PURPOSE: To state the Social Security Administration's position that, in order to qualify under section 202(t)(2) of the Social Security Act for an exception to the alien nonpayment provision of section 202(t)(1), a person must be a citizen of a foreign country which has a social insurance or pension system which pays benefits to any qualified U.S. citizen who is outside of that country, regardless of when U.S. citizenship was attained.
CITATIONS (AUTHORITY): Section 202(t)(2)(B) of the Social Security Act; Regulations No. 4, section 404.463(a)(6).
PERTINENT HISTORY: With certain exceptions, section 202(t) prohibits the payment of social Security benefits to alien beneficiaries while they remain outside the U.S. if they have been outside the U.S. for more than six months. Section 202(t)(2) provides for payment to an alien outside the U.S. if the individual is a citizen of a country which has a social insurance or pension system of general application which may pay periodic benefits or their actuarial equivalent on account of old-age, retirement or death to qualified U.S. citizens who are outside of that country. Implementing regulations require that the foreign country's system must pay these benefits to such U.S. citizens without restriction. See Regulations No. 4, section 404.463(a)(6),m 20 C.F.R. 404.463(a)(6).
The Social Security Administration (SSA) has consistently interpreted section 202(t)(2)(B) to require that the foreign country's social insurance system must pay benefits to any qualified U.S. citizen, even if he or she was not a U.S. citizen when working under that country's system.
The statute does not specifically state that the foreign country's system must pay persons who became U.S. citizens after they ceased working under that country's system, but the statutory language is broad enough to allow this interpretation. Nothing in the relevant legislative history specifically addresses this issue. However, the Conference Report on the bill which enacted section 202(t)(2) indicates that the foreign country's system would not satisfy that provision if it conditions payment of benefits to U.S. citizens on presence in that foreign country, or if it conditions benefits in terms which have the same effect as if it required such presence. The interpretation of section 202(t)(2)(B) contained herein follows this expression of congressional intent.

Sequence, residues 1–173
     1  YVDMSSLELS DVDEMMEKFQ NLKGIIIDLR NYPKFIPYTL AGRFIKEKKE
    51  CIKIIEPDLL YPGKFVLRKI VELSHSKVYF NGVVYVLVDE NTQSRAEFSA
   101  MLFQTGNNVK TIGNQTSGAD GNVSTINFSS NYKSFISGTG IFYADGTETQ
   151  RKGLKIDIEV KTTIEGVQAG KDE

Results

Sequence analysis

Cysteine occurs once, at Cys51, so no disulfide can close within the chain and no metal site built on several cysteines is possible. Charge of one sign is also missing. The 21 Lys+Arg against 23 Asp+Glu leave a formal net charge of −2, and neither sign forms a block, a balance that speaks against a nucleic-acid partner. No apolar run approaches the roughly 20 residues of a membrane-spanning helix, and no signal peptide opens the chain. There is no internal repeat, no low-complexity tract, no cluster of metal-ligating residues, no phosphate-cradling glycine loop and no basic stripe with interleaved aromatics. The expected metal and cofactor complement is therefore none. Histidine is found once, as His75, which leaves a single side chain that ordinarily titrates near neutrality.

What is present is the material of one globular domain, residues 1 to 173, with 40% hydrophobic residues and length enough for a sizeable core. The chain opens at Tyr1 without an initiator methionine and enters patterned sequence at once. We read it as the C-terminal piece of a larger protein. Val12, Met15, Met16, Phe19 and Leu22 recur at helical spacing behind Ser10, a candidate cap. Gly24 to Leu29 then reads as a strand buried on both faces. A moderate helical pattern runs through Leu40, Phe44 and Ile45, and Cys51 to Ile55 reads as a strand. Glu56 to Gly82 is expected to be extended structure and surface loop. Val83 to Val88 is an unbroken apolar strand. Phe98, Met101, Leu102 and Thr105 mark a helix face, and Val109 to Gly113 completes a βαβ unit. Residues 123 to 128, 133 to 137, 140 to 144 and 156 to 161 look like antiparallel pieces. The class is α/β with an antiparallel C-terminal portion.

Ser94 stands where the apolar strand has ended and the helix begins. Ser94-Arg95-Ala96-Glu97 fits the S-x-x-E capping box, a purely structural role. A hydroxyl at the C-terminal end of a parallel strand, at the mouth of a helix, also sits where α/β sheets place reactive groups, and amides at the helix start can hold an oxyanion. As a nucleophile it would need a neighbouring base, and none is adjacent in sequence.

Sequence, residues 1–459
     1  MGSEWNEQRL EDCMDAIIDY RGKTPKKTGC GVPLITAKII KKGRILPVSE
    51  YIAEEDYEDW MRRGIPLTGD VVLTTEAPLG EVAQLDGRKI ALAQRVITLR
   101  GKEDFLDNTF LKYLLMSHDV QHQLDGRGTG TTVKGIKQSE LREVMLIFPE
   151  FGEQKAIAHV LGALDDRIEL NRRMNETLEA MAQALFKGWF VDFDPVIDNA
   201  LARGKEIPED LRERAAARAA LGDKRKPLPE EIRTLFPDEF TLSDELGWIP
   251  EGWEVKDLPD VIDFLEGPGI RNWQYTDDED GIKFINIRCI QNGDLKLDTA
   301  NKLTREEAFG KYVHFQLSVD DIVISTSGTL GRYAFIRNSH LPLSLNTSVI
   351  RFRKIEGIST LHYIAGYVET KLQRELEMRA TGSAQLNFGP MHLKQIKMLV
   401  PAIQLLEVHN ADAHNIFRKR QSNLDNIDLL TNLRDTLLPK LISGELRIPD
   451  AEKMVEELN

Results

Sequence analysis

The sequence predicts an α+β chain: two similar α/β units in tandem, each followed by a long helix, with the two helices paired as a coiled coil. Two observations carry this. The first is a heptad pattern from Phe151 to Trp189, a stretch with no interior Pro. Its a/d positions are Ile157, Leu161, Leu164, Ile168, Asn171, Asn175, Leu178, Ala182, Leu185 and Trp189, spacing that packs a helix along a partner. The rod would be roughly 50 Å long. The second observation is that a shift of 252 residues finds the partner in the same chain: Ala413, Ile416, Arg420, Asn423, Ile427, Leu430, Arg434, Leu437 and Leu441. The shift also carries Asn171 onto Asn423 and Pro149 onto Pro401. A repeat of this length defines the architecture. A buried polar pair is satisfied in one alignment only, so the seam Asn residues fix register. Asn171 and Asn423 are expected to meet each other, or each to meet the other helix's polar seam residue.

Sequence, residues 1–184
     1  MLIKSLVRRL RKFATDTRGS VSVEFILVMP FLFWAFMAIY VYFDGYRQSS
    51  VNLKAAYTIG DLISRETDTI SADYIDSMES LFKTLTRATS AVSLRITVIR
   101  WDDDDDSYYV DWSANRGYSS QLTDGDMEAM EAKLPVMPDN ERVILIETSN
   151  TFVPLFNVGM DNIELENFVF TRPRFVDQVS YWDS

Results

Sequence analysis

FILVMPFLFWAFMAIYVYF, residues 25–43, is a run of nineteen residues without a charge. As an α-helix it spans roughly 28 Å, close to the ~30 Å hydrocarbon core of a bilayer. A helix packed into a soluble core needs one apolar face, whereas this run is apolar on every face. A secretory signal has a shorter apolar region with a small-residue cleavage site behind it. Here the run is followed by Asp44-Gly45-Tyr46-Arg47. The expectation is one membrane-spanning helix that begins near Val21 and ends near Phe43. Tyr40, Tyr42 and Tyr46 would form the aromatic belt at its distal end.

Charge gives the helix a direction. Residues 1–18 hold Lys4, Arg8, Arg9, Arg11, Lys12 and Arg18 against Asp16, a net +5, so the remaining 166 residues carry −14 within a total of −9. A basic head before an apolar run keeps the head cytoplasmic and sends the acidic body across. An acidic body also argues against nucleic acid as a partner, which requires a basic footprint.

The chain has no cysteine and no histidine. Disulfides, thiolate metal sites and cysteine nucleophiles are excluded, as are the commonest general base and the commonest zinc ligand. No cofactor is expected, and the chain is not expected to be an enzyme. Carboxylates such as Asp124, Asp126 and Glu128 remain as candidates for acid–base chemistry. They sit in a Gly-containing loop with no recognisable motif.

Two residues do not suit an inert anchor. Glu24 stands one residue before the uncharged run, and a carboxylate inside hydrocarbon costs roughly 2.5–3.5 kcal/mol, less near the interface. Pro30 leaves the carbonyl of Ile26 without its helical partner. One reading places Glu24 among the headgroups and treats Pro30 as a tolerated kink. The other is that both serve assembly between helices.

If a foreign country's social insurance or pension system will not pay U.S. citizens outside that country's borders unless they were U.S. citizens when they worked under that system, the foreign system would exclude from payment all naturalized U.S. citizens who are otherwise eligible for payment and who were citizens of that country but emigrated and remain outside of its borders. This group would include the vast majority of naturalized U.S. citizens from the country. None of those people would ever receive payments from that country's system, unless they return to reside there. Payment of title II benefits outside the U.S. to a citizen of a foreign country is not conditioned on the wage earner's being a citizen of that country while engaged in work covered by the U.S. Social Security system.
Bulgaria's refusal to pay Bulganian social insurance benefits to U.S. citizens, who were not U.S. citizens while working under that system and reside outside Bulgaria, focussed attention on the need for a clear public statement of SSA's interpretation of section 202(t)(2)(B) of the Social Security Act. A determination, effective in 1971, found that Bulgaria's system fulfilled the requirements set forth in section 202(t)(2)(B); i.e., SSA thought that benefits were payable under that system to U.S. citizens who live outside Bulgaria. As a result, U.S. Social Security benefits were paid to Bulgarian citizens outside the U.S.
However, the Government of Bulgaria recently indicated that only those persons who were U.S. citizens at the time of their employment under the Bulgarian system may receive Bulgarian social insurance benefits while outside that country. This interpretation of Bulgarian law, coupled with restrictions placed on the employment of U.S., citizens in Bulgaria, led SSA to conclude that it is improbable that the Bulgarian system would ever pay pensions to U.S. citizens outside Bulgaria. In April 1982, benefit payments to Bulganian citizens living outside the U.S. were suspended due to a revised finding that the Bulgarian system was not in compliance with the provisions of section 202(t)(2)(B).
POLICY STATEMENT: In order for the social insurance system of a foreign country to meet the provisions of section 202(t)(2)(B), that system must pay benefits to any qualified U.S. citizen who is outside of that country, regardless of when U.S. citizenship was attained.
EFFECTIVE DATE: January 1, 1957, the effective date of section 202(t)(2) of the Social Security Act.
CROSS-REFERENCES: Program Operations Manual System section RS 02610.010G.
Back to Table of Contents